There is definitely a learning curve for FQL. I feel your pain for trying to pick that up at the same time as GraphQL, and neither Fauna nor GraphQL likely feel very native to C#. Add to that, that the recommended way to do text search is to use an undocumented function…
One of the first things you are trying is search, which is probably one of the hardest things to get right. But I get that it’s absolutely critical to prove that you can do it for your application before becoming too invested.
I know you said you went through the links. But please take another look at the StackOverflow answer again. It begins by showing an example with
Filter, similar to what you have done. But it goes on to recognize that this is absolutely not feasible to do for larger data sets. Indeed, it’s too expensive and also unpredictable to Paginate over several pages – for example, you might get different numbers of results for each page, since
Filter is executed after retrieving each page. And the big thing, which you noticed, is that if you
Paginate, and then
Filter it costs read ops for each an every result.
The answer to this is writing your own Index, which use bindings in some way to provide useful search results. For an SQL
WHERE clause, the database is going to try to be clever and plan out as efficient a query as possible before defaulting to scanning the entire table. Fauna, on the other hand, does exactly what you tell it to do. So when you told it to
Filter that’s what it did. Your query instructed Fauna to scan the whole collection.
This is good and bad. Bad, because it’s more work and learning for us building specific indexes and being careful with our queries. Good, because every query is deterministic – it’s always possible to estimate the cost of a query before-hand (if you also understand what your data looks like). It also means that it is harder to do something by accident. For example, the default Page size is 64, so you have to be explicit about requesting more. There is no query planner to decide to scan the entire table on your behalf.
I won’t rehash everything in the SO answer and other links. But I’ll try to hit the highlights.
- setting array fields as an index term creates an index entry for each element of the array.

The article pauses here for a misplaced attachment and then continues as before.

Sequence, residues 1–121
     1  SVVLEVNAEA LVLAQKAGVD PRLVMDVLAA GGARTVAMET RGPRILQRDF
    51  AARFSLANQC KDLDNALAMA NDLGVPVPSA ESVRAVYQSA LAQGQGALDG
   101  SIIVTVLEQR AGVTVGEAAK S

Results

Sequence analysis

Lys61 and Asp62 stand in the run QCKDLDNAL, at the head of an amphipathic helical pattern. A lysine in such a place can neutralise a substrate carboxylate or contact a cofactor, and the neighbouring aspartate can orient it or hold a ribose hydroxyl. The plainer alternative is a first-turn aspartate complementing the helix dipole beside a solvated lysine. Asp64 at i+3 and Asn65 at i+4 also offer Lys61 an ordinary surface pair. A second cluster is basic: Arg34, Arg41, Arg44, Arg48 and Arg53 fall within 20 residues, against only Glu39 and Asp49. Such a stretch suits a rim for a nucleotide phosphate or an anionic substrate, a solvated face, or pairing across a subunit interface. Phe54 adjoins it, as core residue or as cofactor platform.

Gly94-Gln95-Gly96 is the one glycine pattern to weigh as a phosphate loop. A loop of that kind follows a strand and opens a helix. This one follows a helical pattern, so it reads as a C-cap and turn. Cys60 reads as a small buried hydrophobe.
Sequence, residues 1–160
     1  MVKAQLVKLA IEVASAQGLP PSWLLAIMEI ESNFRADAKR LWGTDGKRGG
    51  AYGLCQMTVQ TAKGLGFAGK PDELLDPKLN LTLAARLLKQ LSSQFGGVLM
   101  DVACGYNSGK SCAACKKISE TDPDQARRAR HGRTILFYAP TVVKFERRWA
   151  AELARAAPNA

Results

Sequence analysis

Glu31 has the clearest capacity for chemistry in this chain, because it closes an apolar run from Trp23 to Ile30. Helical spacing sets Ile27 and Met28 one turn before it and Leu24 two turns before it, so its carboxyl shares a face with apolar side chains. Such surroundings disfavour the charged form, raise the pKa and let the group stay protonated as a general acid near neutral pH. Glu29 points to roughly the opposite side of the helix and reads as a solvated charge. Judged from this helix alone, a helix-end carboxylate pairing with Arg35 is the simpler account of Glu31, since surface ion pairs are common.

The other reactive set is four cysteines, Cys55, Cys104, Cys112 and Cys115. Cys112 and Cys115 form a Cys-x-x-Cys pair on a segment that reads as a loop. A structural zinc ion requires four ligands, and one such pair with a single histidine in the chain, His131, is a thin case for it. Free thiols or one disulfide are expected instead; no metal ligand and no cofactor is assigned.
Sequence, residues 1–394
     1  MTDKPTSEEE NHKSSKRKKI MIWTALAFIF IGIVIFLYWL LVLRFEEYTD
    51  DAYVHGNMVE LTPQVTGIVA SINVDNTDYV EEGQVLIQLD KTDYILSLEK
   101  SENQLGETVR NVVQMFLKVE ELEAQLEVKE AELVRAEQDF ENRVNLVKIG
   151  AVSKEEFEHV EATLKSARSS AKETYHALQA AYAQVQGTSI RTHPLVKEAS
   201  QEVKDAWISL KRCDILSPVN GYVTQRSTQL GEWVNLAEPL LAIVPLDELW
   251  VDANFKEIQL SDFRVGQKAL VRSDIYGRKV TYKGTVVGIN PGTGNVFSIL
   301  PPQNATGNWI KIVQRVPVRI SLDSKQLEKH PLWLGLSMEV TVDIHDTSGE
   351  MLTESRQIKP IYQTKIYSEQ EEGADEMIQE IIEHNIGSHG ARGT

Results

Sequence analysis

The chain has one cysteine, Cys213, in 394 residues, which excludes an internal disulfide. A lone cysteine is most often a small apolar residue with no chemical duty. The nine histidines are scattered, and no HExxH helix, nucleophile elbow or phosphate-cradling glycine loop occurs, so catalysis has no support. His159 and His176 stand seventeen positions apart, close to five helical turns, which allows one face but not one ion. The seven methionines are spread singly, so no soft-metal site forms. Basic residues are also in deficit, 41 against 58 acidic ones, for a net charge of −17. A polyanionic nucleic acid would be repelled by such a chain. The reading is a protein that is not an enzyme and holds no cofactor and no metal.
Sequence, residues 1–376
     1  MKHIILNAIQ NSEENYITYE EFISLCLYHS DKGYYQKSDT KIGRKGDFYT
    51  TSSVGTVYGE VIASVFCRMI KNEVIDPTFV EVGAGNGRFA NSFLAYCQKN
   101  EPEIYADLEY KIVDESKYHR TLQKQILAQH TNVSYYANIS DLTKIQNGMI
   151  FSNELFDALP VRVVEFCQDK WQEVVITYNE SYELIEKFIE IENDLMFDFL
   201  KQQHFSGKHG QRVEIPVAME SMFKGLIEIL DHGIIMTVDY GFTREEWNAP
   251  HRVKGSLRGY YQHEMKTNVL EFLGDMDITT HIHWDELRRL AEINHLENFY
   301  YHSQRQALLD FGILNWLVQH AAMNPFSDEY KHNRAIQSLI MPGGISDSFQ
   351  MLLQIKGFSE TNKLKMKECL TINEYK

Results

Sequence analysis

- Index bindings can compute new fields based on the Document’s data
- Index bindings can create array fields
- Different bindings can provide different kinds of search
- NGram can be used to create bindings for partial word search or fuzzy search
- Don’t give up on the examples.
from the docs:
When a document has a field containing an array of items, and that field is indexed, Fauna creates distinct index entries for each item in the field’s array. That makes it easy to search for any item in the array.
You can create your own computed fields and index them using “bindings”. The docs have several different examples of how they can be used (not just in full-text/fuzzy search).
source field defines one or more collections that should be indexed. It is also used to define zero or more fields that have associated binding functions. The binding functions compute the value for the specified field while the document is being indexed.
Using bindings for search
Slightly simplified from the SO answer, a binding that lets you do a full-word search (case sensitive):
FindStrRegex function is key.
FindStrRegex(Select(["data", "name"], Var("task_document"), "[^\\ ]+"),
Lambda("result", LowerCase(Select(["data"], Var("result"))))
NGram is what you want for partial word (exact contains) search or fuzzy search
The SO answer covers using NGram for these two cases.
Don’t give up on the examples.
Obj functions make things tedious, but the FQL functions are otherwise directly translatable.